Government launches £20m fund to develop wave and tidal arrays
Green funding news – by GreenWise staff
5th April 2012
A £20 million Government fund to support marine energy devices progress from large-scale prototypes to larger formations in the sea, has gone live.
The Marine Energy Array Demonstrator
(MEAD) scheme is open to any UK wave
developer looking to test their device in array formation. The aim is to accelerate the final step in the development process before devices move to commercial use. Up to two projects will benefit from the funding
, which was first announced last summer
"This scheme will help move marine power to the next stage of development, the demonstration of a number of wave and tidal devices in array formation out at sea," Energy and Climate Change Minister Greg Barker said. "This will take us one vital step closer to realising our ambitions of generating electricity from the waves and tides, powering homes and businesses across the whole of the UK with clean, green electricity."
Marine energy potential
According to the Government, the UK already has the most extensive support programme for marine energy in the world and has the potential to be global leader in the sector. Estimates suggest power from waves and tides could meet 20 per cent of the UK’s electricity demand by 2050. British companies such as Pelamis, Aquamarine Power and Marine Current Turbines are already world leaders in developing wave energy and tidal stream devices and the Carbon Trust suggests the sector could create 68,000 jobs and capture just under a quarter of the global marine renewables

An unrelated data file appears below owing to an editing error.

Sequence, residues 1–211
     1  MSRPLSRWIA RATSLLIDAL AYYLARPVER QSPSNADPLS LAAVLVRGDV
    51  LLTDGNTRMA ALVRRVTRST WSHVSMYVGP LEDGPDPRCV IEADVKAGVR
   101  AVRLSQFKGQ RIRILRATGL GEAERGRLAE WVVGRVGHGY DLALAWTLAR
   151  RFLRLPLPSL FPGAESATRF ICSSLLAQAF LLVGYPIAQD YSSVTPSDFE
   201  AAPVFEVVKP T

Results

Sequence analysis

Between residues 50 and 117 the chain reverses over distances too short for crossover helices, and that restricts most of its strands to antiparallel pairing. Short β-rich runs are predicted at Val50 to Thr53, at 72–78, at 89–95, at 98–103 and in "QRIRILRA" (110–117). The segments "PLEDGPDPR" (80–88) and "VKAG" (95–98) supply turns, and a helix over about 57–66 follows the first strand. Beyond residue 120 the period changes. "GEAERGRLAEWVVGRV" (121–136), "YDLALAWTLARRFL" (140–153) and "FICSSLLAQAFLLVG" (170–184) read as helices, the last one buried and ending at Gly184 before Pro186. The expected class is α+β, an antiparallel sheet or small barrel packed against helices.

market, worth around £76 billion over the next 40 years.
"Drop in the ocean"
But RenewableUK, which represents the UK marine energy sector, has described the £20 million as "a drop in the ocean". It puts the cost of the first generation of marine energy projects at around £80 million per 10 megawatt scheme, and says at least three to four projects need to reach commercialisation to ensure the UK’s world leading position is maintained.
Under the guidelines for the MEAD scheme, eligible projects need to be up and running by the end of March and have to be able to demonstrate they can generate a minimum of seven gigawatts an hour per year and must use at least three generating devices.
Anyone looking to bid can apply to the MEAD scheme online via the DECC website. The closing date for applications is 12 noon on June 1 2012.
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